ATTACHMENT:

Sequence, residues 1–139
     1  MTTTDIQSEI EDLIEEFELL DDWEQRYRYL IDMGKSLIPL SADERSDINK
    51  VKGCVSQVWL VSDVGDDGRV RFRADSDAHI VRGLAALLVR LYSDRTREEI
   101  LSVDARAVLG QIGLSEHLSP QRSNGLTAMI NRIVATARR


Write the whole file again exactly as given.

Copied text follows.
Sequence, residues 1–139
     1  MTTTDIQSEI EDLIEEFELL DDWEQRYRYL IDMGKSLIPL SADERSDINK
    51  VKGCVSQVWL VSDVGDDGRV RFRADSDAHI VRGLAALLVR LYSDRTREEI
   101  LSVDARAVLG QIGLSEHLSP QRSNGLTAMI NRIVATARR